Yes, Aug. 12, 2015: Shows I’ll Never Forget

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Pier 6 Amphitheater, Baltimore: Yes is a band which has overcome adversity and seemingly become stronger for it. The loss of a founding member, however, typically is too much for any group to endure. Yes has, of course, witnessed the departure of all its original members – with the exception of bassist Chris Squire. So, it was unclear if they could survive Squire’s sudden death on the eve of a co-headlining tour with Toto.

Fortunately for Yes fans, the band called on former Yes member Billy Sherwood to replace his friend, Squire. Sherwood’s contributions to Yes’ live show in the past included second guitar and vocals on the tours for Open Your Eyes and The Ladder; he also served as keyboardist, guitarist and second bassist on the Talk tour. More significantly, Billy Sherwood has made memorable production, mixing and writing contributions on many other Yes projects.

Filling in for Chris Squire on bass, at first, would seem to be a heady task for anyone, but Sherwood has played Squire-style bass parts before: Check out his Circa project. Perhaps equally challenging, however, is to sing Chris Squire parts. But Yes’ Baltimore stop found Sherwood firmly engrained, as the band honored the memory of Chris Squire and moved the legacy of the world’s greatest progressive rock band onward.

In fact, “Onward” served as the show’s opening tribute to Chris Squire, and it was touchingly appropriate. The track, originally recorded for the Tormato album, is a great celebration of the life and work of the bassist. The prerecorded new version accompanied a touching video tribute, along with a sole white spot light on Squire’s signature Rickenbacker bass.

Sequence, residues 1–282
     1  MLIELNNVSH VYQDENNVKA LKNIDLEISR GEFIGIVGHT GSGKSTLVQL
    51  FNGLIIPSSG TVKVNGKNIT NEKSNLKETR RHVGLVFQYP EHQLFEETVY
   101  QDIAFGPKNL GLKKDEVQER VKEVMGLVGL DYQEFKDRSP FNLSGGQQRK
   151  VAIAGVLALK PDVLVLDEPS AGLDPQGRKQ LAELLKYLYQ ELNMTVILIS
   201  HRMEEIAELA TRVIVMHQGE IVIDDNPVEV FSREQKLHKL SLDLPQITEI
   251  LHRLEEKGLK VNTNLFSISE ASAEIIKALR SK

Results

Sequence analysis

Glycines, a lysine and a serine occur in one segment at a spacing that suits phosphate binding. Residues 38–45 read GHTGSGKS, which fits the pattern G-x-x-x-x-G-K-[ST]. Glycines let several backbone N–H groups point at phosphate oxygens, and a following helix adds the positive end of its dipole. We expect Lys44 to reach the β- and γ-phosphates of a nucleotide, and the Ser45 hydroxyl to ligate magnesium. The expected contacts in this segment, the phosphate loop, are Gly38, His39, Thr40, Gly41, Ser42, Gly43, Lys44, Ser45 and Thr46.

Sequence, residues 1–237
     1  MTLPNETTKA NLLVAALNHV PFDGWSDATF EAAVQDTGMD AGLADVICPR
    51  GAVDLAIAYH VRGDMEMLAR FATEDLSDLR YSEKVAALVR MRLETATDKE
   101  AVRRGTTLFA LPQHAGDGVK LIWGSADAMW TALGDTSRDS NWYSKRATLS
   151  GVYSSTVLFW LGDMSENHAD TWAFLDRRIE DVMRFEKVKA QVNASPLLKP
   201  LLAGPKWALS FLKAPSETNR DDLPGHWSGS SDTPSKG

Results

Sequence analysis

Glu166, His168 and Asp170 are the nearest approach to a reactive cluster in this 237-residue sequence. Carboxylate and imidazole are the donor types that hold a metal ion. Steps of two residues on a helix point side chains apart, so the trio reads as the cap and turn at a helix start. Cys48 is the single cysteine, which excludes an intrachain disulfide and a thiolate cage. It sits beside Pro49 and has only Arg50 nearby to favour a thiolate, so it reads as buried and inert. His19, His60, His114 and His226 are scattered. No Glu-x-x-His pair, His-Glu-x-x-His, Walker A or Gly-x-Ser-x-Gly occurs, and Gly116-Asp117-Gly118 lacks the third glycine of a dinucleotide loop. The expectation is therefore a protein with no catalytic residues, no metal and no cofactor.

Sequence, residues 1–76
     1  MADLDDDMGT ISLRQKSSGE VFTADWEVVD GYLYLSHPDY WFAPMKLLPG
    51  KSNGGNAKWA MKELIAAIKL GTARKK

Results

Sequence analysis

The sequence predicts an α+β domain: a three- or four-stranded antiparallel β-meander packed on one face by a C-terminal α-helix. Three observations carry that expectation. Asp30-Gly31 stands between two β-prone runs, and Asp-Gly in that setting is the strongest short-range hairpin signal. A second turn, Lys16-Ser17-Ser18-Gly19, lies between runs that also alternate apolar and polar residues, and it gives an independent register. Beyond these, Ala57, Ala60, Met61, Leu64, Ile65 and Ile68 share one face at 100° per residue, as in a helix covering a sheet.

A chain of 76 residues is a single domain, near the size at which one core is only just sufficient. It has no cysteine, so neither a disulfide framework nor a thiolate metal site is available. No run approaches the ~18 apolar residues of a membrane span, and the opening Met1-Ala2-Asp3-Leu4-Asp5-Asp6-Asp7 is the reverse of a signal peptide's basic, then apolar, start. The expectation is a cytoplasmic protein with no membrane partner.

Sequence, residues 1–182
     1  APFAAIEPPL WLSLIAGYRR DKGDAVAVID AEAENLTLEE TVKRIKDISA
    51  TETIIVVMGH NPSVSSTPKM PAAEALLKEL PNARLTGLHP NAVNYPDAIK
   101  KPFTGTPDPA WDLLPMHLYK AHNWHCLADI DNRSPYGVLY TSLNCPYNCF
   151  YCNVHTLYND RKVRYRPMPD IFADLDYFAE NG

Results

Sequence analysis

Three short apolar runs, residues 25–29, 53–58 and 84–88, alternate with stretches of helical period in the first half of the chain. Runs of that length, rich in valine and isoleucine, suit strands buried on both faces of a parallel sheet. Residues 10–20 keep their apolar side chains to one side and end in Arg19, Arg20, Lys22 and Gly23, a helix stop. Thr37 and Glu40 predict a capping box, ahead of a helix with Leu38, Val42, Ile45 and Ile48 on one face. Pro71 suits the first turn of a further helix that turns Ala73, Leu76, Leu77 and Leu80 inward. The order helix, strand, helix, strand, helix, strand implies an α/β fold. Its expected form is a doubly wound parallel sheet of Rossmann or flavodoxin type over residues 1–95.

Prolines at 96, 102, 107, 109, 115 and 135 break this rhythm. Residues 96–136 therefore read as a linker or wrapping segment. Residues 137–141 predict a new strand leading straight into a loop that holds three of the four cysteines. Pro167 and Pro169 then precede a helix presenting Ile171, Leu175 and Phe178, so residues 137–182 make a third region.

The concert then kicked into high gear with another Tormato track, “Don’t Kill the Whale.” Billy Sherwood was clear and deep in the pocket with drummer Alan White, while Steve Howe blasted through the song with renewed vigor. I dare say this version eclipsed the original.

“Tempus Fugit” was up next. Steve Howe delivered once of his most blistering guitar leads in perfect step with Sherwood and White. Geoff Downes’ keyboard sound and vocoder (on the chorus “Yes, Yes”) perfectly replicated the original sound of the Drama recording. Vocalist Jon Davidson showed his versatility, spitting out the syncopated vocals with precision and power. The song is a high-powered treat. “America,” originally recorded by the Yes’ best-known, Close to the Edge-era lineup, was given a confident workout. Downes employed authentic ’70s-era synth sounds, while Davidson breezed through Paul Simon’s lyrics. “America” was strong, but I’d trade a more recent song of two from Heaven and Earth or even a Billy Sherwood-era song for it.

“Going for the One” followed and was perfect. Alan White held the band to the original tempo of the song, and allowed Steve Howe space to fly on his pedal steel songs. Billy Sherwood played perhaps one of the more challenging Chris Squire parts on his eight-string bass, and handled the harmony vocals in lock step with Jon Davidson’s lead vocal with precision and passion. The Maestro must have been smiling from above.

“Time and A Word” followed with grace and elegance. Interestingly, the song is the only one no member of the current band played on the original recording, but it seemed a natural fit. Concert staples “Clap” and I’ve Seen All Good People” both generated a favorable audience reaction, which intensifies with the Close to the Edge classic “Siberian Khatru.” “Owner of a Lonely Heart” and the show-closer “Roundabout” had the enthusiastic audience on their feet.

Yes returned to the stage for a powerful encore version of “Starship Trooper.” Steve Howe ripped off vicious solos from his hollow-bodied Gibson guitar, and Billy Sherwood had a big smile on his face as he made the stage shake with his bass pedals then took a short bass interlude.

The evening was truly a great homage to Chris Squire, and an intriguing preview of things to come from Yes.

Preston Frazier

Preston Frazier

Preston Frazier is a bass-playing lawyer living in Atlanta. His first Steely Dan exposure was with an eight-track cassette of 'Pretzel Logic.' He can be reached at [email protected]; follow him on Twitter: @slangofages. Contact Something Else! at [email protected]
Preston Frazier
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